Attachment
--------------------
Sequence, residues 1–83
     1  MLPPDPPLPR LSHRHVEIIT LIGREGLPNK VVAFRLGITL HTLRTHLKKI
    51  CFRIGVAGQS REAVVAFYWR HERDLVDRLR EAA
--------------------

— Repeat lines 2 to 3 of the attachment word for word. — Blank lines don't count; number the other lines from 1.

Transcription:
     1  MLPPDPPLPR LSHRHVEIIT LIGREGLPNK VVAFRLGITL HTLRTHLKKI
    51  CFRIGVAGQS REAVVAFYWR HERDLVDRLR EAA